Thursday, April 22


My Aunt forwarded the latest news on the Mormon blogs.  Turns out Brigham Young University (BYU) is closing its Women's Research Institute (WRI).  Here is a posting my Aunt sent me from the Mormon Feminist Network.

Shutting Down BYU's Women's Research Institute

By: Guest - November 4, 2009

My name is Elisa. I am a senior at Brigham Young University in Provo, Utah, a famously conservative university owned and operated by the Church of Jesus Christ of Latter-day Saints, or Mormons. 98% of the student body subscribes to the LDS faith, but we are nevertheless an extremely diverse group of students, ideologically speaking. Of the approximate 30,000 students at BYU, 48% are female, and 2,691 students are enrolled in the Women's Studies minor, almost 10 percent of the entire student population. At such a (let's face it) conservative school, the fact that we even have a Women's Studies minor is a pretty big deal, and the BYU Women's Research Institute has contributed enormously to the university community since its founding in 1978.  From 2006 to 2008 alone, the WRI funded 132 faculty research publications relating to women. Some of the brightest and most promising students at BYU are involved with this program.

However, on October 29th the BYU Administration issued a press release (that's what it's called, but in fact it's nowhere to be found on the BYU website or in the school newspaper) saying that the WRI is being shut down come January 2010. The Administration claims that they are "streamlining and strengthening" the program but what they're really doing is removing all funding WRI used to receive and consolidating it into one faculty research grant and a token amount of funding available for students. Most BYU students found out about this through blogs or other outside media sources rather than through the university itself, and to put it lightly, most of us are infuriated.

There's a reason why this is being kept hush-hush. All major universities have a Women's Studies Program, and shutting down ours is more than just a bad idea, it's a disaster waiting to happen. Money is not the issue: BYU receives generous donations from LDS alumni even in this economy. Additionally, 52% of the WRI budget came from outside, non-BYU sources. This is, in short, another attempt by an overtly conservative administration to shut down any feminist activities because a lack of education makes many people at this institution think feminism is a dirty word.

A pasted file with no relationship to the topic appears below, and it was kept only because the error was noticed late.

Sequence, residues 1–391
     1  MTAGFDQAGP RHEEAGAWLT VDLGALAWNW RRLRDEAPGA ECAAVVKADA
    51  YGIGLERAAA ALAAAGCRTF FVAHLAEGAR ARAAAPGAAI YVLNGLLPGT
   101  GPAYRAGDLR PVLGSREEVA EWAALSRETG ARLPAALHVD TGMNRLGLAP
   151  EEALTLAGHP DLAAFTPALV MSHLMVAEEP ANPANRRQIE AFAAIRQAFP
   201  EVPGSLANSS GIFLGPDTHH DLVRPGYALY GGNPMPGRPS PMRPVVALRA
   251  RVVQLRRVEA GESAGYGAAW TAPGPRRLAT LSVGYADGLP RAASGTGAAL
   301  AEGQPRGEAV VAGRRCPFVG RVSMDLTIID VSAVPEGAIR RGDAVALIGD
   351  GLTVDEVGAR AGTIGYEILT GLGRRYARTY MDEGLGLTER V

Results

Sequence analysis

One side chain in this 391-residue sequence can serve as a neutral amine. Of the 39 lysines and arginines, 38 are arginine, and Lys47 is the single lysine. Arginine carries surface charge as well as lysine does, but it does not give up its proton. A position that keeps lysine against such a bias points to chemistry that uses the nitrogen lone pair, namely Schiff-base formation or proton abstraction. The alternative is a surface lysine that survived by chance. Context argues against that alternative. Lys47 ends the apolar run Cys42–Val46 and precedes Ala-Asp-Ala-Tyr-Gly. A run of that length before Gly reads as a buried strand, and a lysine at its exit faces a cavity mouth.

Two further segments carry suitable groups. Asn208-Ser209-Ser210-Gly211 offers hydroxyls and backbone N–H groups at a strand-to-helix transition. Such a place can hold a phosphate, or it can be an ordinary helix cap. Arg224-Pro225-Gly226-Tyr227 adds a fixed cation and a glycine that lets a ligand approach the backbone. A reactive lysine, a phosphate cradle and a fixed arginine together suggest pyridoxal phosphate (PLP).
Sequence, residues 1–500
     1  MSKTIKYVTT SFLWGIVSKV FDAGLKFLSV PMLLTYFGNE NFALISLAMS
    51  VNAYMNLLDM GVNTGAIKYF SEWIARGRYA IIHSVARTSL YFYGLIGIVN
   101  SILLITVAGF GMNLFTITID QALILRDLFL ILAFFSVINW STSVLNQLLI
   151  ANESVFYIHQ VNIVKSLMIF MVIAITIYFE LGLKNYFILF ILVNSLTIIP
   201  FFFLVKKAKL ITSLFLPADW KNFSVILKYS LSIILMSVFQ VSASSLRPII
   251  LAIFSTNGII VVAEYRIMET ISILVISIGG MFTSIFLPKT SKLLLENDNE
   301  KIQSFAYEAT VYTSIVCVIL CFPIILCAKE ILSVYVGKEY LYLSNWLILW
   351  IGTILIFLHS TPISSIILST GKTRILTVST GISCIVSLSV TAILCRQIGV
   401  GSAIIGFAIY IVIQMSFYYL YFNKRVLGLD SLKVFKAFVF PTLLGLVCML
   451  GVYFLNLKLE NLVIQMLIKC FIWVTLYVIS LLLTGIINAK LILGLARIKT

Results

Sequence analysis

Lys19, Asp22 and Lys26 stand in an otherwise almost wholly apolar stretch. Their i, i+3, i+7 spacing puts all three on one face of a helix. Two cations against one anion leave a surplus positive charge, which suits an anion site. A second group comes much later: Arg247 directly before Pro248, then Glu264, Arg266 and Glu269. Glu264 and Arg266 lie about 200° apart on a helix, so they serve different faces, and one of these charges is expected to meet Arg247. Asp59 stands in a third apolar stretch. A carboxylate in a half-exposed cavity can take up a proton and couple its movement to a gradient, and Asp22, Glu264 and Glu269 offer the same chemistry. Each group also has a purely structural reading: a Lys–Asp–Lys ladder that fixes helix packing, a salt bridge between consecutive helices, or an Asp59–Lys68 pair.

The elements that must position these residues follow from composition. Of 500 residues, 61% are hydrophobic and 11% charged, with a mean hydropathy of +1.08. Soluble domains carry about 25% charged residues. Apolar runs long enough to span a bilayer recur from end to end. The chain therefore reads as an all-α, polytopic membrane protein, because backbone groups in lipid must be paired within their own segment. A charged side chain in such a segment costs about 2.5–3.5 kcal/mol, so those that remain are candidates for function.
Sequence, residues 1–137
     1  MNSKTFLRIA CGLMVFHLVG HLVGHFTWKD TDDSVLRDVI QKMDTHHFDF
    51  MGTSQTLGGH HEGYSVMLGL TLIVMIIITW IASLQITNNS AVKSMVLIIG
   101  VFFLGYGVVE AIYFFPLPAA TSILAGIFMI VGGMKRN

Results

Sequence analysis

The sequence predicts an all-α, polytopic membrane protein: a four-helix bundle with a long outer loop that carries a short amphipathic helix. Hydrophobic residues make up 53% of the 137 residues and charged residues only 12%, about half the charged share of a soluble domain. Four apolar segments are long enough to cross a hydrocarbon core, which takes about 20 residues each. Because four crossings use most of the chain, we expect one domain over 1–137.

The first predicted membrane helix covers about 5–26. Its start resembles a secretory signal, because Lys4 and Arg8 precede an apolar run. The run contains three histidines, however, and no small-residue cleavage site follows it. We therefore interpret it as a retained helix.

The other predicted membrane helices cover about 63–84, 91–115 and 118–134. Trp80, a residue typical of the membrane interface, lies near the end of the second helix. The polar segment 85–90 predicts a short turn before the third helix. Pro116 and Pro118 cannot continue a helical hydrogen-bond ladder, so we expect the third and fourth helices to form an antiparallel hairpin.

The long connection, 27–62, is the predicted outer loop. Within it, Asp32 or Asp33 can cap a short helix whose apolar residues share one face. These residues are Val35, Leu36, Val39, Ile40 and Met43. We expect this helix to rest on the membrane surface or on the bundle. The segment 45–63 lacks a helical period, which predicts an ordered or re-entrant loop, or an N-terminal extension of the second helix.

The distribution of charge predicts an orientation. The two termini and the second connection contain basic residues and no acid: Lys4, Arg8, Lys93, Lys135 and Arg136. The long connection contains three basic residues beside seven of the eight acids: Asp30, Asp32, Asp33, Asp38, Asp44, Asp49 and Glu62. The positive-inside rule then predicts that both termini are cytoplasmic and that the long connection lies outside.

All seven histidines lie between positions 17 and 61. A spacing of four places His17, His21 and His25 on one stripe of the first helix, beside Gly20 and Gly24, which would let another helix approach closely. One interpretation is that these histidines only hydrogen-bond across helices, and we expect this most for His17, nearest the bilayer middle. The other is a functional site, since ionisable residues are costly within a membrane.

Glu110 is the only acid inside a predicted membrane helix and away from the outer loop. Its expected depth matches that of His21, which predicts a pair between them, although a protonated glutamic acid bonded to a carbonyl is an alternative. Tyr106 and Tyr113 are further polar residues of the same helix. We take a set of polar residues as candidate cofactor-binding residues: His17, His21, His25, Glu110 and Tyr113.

I believe in the importance of scholarly research devoted to women, and my friends and I are making as much of a fuss as we can. But this needs to get out. Its an ESPECIALLY bad PR move for BYU, and by extension for the LDS Church, to shut down this program, and the more people know about this and express their disapproval, the better.

This is what I am telling those I write to who are not of our faith: Just because the choices LDS women make based on our faith are considered old-fashioned, doesn't mean that we aren't strong, intelligent women who believe in gender equality and everything else feminism stands for. I am proud to consider myself a feminist, and so do many other men and women at this university. We desperately want for this program to not go the way of several other important programs at this university (such as our International Development minor, another magnet for more liberal and therefore supposedly more dangerous students, which was eliminated recently), and it's possible that if enough people outside of our community stand up for the WRI, maybe the higher-ups will change their minds.